- Improve overall ventilation of respiration
- Decrease accumulation of secretions and prevent complications
- Improve chest wall mobility
- Strengthening respiratory muscles
- Decrease the work of breathing
- Attempts to enhance movement of the diaphragm upon inspiration and expiration and diminish accessory muscle use.
- Position the patient in bed with head and trunk elevated to 45*
- Place dominant hand over the rectus abdominis muscles
- Direct the patient to inspire slowly and feel the dominant hand rise
- Instruct the patient to control both inspiration and expiration
- The non dominant hand should have only minimal movement
Inspiratory Muscle Training:
- IMT attempts to increase ventilating capacity and decrease dyspnea through the strengthening of the diaphragm and intercostal muscles. This is commonly used with paitents that exhibit decreased chest expansion, shortness of breath, bradypnea, and decreased breath sounds.
- Treatment Protocol
- Teach the patient proper use of inspiratory muscles
- Two to four session of 30 to 60 minutes of deep breathing with proper diaphragmatic breathing
- Use "sniffing" to increase awareness regarding the proper use of diagphragmatic breathing
- Strength training through active breathing exercises (for patients that have tidal volumes less than 500ml)
Low Frequency Breathing is slow deep breathing designed to improve alveolar ventilation and oxygenation.
- Instruct the patient to breathe slowly, taking long and deep breaths
- Ensure the patient is not a risk for hyper ventilation.
Incentive Spirometry is used to increase inspiration using a device that provides immediate feedback to the patient regarding performance. This type of intervention is commonly utilized to treat patients status post surgery in order to strengthen weak inspiratory muscles and to prevent alveolar collapse.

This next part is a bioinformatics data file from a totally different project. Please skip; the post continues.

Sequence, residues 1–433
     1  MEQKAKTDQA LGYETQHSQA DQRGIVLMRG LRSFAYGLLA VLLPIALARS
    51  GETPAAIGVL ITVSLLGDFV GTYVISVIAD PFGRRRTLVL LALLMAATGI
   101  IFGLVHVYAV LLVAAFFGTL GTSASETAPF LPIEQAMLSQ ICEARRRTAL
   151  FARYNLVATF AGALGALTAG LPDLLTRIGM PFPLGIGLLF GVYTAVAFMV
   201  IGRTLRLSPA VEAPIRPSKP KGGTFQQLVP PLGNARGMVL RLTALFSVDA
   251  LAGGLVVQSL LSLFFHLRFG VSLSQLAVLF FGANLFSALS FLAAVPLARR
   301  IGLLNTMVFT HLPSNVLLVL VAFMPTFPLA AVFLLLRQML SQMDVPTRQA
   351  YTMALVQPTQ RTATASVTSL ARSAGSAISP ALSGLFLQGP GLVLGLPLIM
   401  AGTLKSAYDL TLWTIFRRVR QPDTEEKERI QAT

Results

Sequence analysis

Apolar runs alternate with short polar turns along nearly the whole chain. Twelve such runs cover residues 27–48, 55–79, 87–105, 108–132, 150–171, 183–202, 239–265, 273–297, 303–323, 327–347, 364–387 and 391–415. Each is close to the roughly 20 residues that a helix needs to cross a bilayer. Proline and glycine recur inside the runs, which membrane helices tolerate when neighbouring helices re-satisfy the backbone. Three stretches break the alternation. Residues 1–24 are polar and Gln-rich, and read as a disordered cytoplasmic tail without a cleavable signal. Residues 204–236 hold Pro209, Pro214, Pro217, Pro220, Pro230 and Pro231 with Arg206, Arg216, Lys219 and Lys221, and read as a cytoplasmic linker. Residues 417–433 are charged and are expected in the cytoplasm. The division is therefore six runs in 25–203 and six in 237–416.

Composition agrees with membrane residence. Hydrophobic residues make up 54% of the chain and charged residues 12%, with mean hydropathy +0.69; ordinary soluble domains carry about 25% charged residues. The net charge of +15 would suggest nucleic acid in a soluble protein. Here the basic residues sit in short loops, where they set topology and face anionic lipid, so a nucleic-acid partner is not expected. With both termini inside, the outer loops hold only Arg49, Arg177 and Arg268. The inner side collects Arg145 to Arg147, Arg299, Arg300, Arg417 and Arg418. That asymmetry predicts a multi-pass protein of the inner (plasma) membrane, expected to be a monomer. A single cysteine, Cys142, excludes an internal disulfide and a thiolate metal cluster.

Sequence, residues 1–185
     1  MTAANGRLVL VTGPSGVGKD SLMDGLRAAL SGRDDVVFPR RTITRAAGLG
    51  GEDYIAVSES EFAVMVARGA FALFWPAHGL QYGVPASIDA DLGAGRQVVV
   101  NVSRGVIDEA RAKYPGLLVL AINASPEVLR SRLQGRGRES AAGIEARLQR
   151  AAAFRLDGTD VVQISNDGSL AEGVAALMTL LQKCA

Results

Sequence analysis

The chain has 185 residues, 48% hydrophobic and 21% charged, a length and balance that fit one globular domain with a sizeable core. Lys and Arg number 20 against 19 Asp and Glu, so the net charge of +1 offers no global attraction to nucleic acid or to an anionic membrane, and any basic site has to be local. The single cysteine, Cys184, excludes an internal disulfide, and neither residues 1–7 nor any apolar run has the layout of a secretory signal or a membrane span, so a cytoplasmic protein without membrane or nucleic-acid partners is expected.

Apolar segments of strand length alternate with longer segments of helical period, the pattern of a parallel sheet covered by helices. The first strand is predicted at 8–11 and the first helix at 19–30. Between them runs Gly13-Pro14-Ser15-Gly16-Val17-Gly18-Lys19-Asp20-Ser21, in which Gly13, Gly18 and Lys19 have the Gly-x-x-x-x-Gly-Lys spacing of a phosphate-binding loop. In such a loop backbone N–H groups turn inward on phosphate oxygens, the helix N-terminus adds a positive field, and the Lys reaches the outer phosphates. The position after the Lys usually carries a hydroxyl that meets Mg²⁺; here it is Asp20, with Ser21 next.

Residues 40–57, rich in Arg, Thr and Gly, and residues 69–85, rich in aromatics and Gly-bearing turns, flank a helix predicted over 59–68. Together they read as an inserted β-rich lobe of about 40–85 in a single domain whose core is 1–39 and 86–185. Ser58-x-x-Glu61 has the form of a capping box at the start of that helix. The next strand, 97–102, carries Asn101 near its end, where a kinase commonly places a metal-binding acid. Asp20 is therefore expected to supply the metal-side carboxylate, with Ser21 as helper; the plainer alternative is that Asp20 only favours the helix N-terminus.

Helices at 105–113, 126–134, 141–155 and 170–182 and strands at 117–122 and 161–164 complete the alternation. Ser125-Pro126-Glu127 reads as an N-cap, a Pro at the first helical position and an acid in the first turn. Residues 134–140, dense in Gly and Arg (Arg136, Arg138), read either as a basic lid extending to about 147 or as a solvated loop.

- Position the patient in a comfortable setting
- Instruct the patient to breathe into the spirometer by performing a maximal inhalation.
- Repeat 7-10 times per session and repeat 3-4 times per day
- Increase the volume expectations on regular intervals until the patient is within normal range
Pursed Lip Breathing:
- To improve ventilation by decreasing the respiratory rate and increasing the tidal volume. This technique assists with shortness of breath that is commonly encountered in patients with COPD.
- Instruct patient to avoid using bdominals
- slowly inhale, relax and loosely purse lips during exhalation
- Expiration should be twice as long as inspiration
Segmental Breathing is used to prevent accumulation of fluid and to increase chest mobility by directing inspired air to predetermined areas